in 66 Federal Credit Union and its refusal the question of whether to
apply the concept of life commencing at the moment of conception for an unborn as being
applicable for a claim under the wrongful death statute, 7 current malpractice insurance policies
Leonard J. Nelson, III, God and Woman in the Catholic Hospital, 31 J.Legis 69, 104 (2004) (citing Charles J.
McFadden, Medical Ethics 81, 162 (3d ed. 1953)).
Mercado v. Mount Sinai Hosp. Medical Center of Chicago, 889 N.E.2d 730, 733 (Ill. App. Ct. 2008); Coffey v.
Hall No. 0516-CV092662007, WL 3408158 (Mo. Cir. Aug. 23, 2007).
In 2008, an Illinois state court determined that despite having a statute that specifically states that a wrongful death
not recover from a physician for the death of embryos created for in vitro fertilization because the court found that
still in a state of gestation where the pre-existing law already addressed situations involving the viable fetus still in a
state of gestation and the born-alive infant at any stage of development Miller v. American Infertility Group of
Illinois, S.C., 897 N.E.2d 837, 846 (5th Dist. Ill. 2008). Thus, the Illinois court concluded that no cause of action
would lie under its law until implantation occurred. Like the wrongful death statute in Illinois, the wrongful death
statute in Mississippi was created prior to passage of Amendment 26. Unlike the Illinois statute, however,
Miller may be questioned.
66 Federal Credit Union v. Tucker, 853 So.2d 104, 112 (Miss. 2003).
should already cover a lawsuit brought on behalf of unborn persons who are not yet quick in the
womb, even without a Personhood Amendment in place.
very recent wrongful
death decision recognizing a wrongful death action on behalf of a pre-viable fetus and the
propensity of courts to follow the persuasive precedent of courts in other nearby jurisdictions.8
On September 9, 2011, the Supreme Court of Alabama (9-0 ruling) noted the irrationality of the
eath of viable fetuses
actually benefits the tortfeasor who inflicts a more severe injury. Under the viability rule, a
tortfeasor who inflicts an injury that causes the immediate death of a nonviable fetus escapes
punishment, while a tortfeasor who inflicts an injury that does not result in death, or that results
The same public
policy concern that led the Supreme Court of Alabama to extend wrongful death tort liability to
pre-viable fetuses in that state also exists in Mississippi in neither state should a tortfeasor who
takes the life of an unborn person prior to quickening or viability be rewarded for his acts by
virtue of the courts insulating him from liability.
Not only is this a policy concern, but it highlights inconsistencies within Mississippi law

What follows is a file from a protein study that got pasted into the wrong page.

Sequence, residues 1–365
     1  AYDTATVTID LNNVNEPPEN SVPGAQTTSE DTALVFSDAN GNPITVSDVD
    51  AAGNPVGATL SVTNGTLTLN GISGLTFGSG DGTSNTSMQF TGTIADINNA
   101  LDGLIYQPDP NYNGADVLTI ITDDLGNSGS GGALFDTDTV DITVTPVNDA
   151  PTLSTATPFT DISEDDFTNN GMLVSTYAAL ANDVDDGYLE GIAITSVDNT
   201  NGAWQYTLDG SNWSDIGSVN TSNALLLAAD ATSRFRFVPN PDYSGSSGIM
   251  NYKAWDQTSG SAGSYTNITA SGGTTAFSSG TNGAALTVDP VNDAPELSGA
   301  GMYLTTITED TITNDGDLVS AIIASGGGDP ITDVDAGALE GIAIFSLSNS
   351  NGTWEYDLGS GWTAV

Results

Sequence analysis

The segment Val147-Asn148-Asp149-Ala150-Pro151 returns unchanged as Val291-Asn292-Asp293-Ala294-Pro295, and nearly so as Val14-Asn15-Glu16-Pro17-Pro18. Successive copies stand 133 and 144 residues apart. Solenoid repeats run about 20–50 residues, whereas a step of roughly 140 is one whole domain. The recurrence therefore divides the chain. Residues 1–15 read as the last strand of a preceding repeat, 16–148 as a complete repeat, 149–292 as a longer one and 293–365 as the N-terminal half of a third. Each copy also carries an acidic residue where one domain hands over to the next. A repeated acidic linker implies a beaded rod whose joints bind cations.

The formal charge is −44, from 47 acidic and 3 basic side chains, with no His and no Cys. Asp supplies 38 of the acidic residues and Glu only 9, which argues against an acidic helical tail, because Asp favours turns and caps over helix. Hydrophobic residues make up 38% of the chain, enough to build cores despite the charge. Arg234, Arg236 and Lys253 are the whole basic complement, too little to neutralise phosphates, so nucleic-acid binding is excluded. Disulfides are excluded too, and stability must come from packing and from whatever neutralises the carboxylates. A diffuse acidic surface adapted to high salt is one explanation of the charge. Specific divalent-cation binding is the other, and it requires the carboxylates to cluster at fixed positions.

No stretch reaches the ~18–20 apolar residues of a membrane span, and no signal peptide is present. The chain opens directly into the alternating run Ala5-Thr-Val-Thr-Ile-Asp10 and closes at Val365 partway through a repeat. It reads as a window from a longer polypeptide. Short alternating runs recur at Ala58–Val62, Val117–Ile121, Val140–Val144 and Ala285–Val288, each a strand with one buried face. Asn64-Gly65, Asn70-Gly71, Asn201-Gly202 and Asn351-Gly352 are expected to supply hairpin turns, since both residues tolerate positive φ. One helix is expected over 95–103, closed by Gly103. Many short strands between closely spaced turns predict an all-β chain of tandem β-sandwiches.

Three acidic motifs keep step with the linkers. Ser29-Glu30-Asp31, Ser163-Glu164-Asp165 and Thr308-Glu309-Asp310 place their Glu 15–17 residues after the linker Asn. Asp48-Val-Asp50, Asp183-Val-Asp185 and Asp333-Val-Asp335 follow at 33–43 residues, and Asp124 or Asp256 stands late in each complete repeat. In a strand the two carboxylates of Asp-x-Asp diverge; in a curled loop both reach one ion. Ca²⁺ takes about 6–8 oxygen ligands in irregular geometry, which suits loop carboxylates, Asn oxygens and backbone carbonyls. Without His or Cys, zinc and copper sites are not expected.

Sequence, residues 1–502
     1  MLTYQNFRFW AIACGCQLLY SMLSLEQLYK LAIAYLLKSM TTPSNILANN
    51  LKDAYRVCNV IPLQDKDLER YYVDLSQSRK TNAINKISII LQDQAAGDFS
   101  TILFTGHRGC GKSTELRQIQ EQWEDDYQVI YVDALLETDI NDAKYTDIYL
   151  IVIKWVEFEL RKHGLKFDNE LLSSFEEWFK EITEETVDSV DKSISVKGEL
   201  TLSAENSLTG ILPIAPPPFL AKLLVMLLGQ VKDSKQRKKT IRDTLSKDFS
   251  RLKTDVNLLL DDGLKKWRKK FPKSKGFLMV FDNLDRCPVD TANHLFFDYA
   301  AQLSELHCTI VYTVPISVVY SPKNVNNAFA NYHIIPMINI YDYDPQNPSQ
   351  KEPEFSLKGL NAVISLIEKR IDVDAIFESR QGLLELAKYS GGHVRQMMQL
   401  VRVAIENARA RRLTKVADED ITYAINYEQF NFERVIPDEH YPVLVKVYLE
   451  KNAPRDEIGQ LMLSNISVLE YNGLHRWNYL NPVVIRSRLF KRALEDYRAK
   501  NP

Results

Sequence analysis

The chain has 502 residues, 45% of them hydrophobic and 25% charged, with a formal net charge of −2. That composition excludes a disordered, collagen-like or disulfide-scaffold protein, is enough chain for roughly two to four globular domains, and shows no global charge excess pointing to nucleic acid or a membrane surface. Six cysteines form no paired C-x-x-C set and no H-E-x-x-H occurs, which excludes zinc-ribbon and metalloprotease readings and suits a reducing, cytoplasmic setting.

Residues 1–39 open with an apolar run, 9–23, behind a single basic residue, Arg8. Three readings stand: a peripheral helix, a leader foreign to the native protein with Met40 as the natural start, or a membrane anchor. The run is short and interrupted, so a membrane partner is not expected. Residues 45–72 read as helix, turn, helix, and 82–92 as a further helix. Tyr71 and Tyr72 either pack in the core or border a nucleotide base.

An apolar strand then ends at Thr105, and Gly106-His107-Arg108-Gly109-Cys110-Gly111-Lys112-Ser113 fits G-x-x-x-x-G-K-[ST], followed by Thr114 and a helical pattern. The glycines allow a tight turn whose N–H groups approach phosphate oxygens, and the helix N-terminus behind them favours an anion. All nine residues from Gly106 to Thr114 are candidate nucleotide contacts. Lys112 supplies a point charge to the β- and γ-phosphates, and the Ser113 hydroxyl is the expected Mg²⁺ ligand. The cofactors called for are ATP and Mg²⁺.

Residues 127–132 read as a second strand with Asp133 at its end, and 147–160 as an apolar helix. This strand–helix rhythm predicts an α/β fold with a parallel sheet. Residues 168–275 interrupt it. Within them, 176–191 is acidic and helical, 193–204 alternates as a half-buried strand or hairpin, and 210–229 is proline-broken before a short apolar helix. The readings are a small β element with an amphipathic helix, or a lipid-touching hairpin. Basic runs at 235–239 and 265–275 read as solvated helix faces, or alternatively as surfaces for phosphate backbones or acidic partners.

criminal action may be invoked when unborn persons are victimized at any stage of gestation,10
and an unborn person maintains inheritance rights at all stages of gestation,11 thus, to maintain
that civil liability should apply only after quickening appears incongruous.
Defining personhood as beginning at the moment of fertilization will allow courts to
include the period of life between fertilization and the unborn person becoming quick in the
womb in the application of ; however, there is also a
possibility of courts taking such action today. Thus, in accordance with the examples provided
by other states and court precedent in Mississippi, liability remains
largely unaffected by the recognition that life begins at conception or its functional equivalent.
Nevertheless, out of an abundance of caution, we would be in favor of enabling
legislation explicitly providing immunity to medical professionals who unintentionally caused
injury or death to the unborn child during treatment of the mother for an ectopic pregnancy or
other life-threatening situations, as well as to those involved with in vitro fertilization who do not
recklessly or intentionally destroy living human beings.
Mack v. Carmack, No. 1091040 (Ala. Sept. 9, 2011).
Mack v. Carmack, No. 1091040, slip op. at 36 (Ala. Sept. 9, 2011).
Miss. Code. Ann. § 97-3-37 (West 2011).
Igor Levenberg, Personal R 83 St.
The conceived unborn are of legal consequence because they may be used as
measuring lives for the purposes of the [Rule Against Perpetuities]. Because the RAP requires that a contingent
future interest must vest, if at all, within twenty-one years after the expiration of some life in being when the interest
was created, the implication, at least for the purposes of trust law, is that a conceived unborn child is a life in
The likelihood of medical professionals incurring additional liability as a result of the
passage of Amendment 26 is slight, according to precedent in Mississippi and case law in states
with similar legislation. In fact, passage of Amendment 26 will do little more than reconcile
current inconsistencies in the law. Even so, enabling legislation protecting against civil liability
for harm to the unborn child occasioned by treatment of the mother for life-threatening situations
and for all but reckless or intentional destruction of persons created in vitro would be prudent.